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Vergil and the Classical Tradition

The Legacy of 'The Aeneid'

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Vergil

Vergil

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The Study of Vergil (Virgil)

Back in the days when a minimum of 8 years study of Latin was expected for graduation with a B.A., according to Middlebury Emeritus Professor William Harris, it might have been reasonable to assume familiarity with

  1. the entire 12 books of Vergil's (or Virgil's) masterpiece, Aeneid,
  2. the 10 books of Vergil's (Virgil's) Pastoral poems, known as Eclogues or Bucolics, and
  3. Vergil's (Virgil's) treatise on the 4 aspects of farm-life (tillage, horticulture, cattle-breeding, and bee-keeping), known as the Georgics.
Unfortunately, we no longer have enough time to devote to the entire corpus of Vergil (Virgil). Still, those who study Latin will have read much, if not all, of the Aeneid.

The Legendary Vergil (Virgil)

Vergil's (Virgil's) influence on the world's literature has been immeasurable. Not only was his writing -- along with Seneca's, Cicero's, Ovid's, Aristotle's and Plato's -- continuously read throughout the Middle Ages, but even today he exerts an influence on poets and the college-bound.

Despite, or possibly because of Vergil's immense popularity, his life is surrounded with legend. Some have called his father a magician, and it is suggested that one reason his name is often spelled Virgil is because a virga meant a magic wand. Vergil has been referred to as a pre-Christian saint because his so-called prophecy about the birth of Augustus was taken to be a prophecy about the birth of Christ.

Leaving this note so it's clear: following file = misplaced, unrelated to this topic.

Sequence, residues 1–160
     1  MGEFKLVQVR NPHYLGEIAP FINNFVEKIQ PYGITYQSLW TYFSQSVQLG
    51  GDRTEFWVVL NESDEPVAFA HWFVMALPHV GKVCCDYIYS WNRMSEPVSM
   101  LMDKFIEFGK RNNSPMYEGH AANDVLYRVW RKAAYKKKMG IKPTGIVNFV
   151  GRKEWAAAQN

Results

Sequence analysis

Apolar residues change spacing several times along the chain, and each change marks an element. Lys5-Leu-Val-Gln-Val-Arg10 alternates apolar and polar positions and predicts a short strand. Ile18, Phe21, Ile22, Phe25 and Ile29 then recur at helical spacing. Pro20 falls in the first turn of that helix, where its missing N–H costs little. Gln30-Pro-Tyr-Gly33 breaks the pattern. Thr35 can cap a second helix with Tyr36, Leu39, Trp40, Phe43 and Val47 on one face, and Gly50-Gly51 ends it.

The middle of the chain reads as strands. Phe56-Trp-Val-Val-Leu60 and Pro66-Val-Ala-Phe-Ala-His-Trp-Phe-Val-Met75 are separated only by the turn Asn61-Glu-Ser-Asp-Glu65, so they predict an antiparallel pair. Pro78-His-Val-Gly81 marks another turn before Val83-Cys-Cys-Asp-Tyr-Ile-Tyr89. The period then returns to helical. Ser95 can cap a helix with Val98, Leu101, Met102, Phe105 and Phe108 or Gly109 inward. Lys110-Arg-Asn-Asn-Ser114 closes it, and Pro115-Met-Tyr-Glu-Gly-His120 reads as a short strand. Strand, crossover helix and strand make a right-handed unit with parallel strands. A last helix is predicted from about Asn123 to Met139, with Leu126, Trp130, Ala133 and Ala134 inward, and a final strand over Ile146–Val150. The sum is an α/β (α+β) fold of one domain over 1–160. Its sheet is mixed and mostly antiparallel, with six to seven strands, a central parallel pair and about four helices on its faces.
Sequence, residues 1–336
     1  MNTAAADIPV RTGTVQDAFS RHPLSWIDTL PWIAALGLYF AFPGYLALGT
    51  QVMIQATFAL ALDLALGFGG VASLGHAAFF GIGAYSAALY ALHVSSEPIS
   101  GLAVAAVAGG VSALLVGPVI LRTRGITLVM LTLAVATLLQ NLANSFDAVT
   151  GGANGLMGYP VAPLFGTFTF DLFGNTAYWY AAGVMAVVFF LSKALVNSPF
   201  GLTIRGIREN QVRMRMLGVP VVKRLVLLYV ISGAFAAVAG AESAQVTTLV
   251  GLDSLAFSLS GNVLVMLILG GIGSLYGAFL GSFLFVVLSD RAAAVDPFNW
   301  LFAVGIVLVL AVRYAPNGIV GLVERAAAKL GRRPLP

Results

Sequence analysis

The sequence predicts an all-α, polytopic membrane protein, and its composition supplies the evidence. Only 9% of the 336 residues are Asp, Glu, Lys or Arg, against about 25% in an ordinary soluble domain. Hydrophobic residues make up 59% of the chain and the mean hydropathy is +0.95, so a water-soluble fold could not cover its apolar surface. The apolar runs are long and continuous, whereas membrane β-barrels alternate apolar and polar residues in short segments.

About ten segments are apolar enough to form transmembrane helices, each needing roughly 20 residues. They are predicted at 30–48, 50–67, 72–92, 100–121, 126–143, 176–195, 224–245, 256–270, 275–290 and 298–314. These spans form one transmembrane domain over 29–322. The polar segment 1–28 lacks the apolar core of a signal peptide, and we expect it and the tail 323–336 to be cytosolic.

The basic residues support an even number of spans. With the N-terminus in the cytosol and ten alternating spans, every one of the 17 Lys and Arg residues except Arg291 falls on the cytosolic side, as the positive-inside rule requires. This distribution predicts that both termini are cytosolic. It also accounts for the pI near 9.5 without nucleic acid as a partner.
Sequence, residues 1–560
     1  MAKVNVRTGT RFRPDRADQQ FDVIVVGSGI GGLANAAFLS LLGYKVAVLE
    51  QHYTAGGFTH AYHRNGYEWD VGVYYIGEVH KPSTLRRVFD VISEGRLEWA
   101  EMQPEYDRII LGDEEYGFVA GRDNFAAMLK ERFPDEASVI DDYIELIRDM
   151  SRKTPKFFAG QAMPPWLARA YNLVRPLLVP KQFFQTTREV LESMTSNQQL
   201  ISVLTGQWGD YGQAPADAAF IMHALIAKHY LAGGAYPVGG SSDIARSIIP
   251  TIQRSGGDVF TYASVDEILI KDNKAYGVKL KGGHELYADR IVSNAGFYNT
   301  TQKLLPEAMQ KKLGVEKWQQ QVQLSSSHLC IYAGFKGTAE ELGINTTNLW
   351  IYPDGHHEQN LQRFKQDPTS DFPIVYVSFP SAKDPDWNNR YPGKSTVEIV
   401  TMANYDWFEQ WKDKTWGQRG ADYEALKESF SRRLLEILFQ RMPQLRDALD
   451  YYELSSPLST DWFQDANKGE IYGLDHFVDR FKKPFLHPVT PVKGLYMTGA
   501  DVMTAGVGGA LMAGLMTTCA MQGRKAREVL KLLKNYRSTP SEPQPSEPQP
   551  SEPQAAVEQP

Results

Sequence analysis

... Vergil produces a "prophecy" poem about the birth of Augustus as a savior of the world, bringing peace and law. Since Vergil lived so close to the birth of Christ, the Christians of medieval Europe would interpret the poem as a prophecy about the birth of Christ and give Vergil, a pagan, a kind of honorary status as a Christian poet.
www.wsu.edu/~dee/ROME/ROME.HTM The Age of Augustus

The Life of Vergil

Publius Vergilius Maro was born October 15, 70 B.C. at Andes, near Mantua, in Cisalpine Gaul. Vergil (Virgil) died 51 years later on September 21, 19 B.C. at Brundisium, possibly as the result of sunstroke. He was thought to have been sickly, slow of speech, and of a countrified appearance. His writing was sometimes criticized for its rusticity, too. But Vergil (Virgil) wasn't ill-educated. He studied law, medicine, mathematics, and probably some Epicurean philosophy.

Patrons of Vergil (Virgil)

Wealth and power were not part of Vergil's (Virgil's) inheritance, but he had the good fortune to win the friendship and patronage of influential men. When, in 41 B.C., his estate was appropriated as part of a distribution of land to war veterans (or [URL=http://www.edenpr.k12.mn.us/ephs/ArcadiaWeb/Virgil/Vergil.Poetry.html] "in order to pay and satisfy his army for their defeat of the assassins of G. Julius Caesar"), Vergil (Virgil) was able to recover it, through the assistance of two influential men, Pollio and Cornelius Gallus. Maecenas and even the first Roman emperor, Augustus, came to support Vergil's (Virgil's) poetic endeavors.

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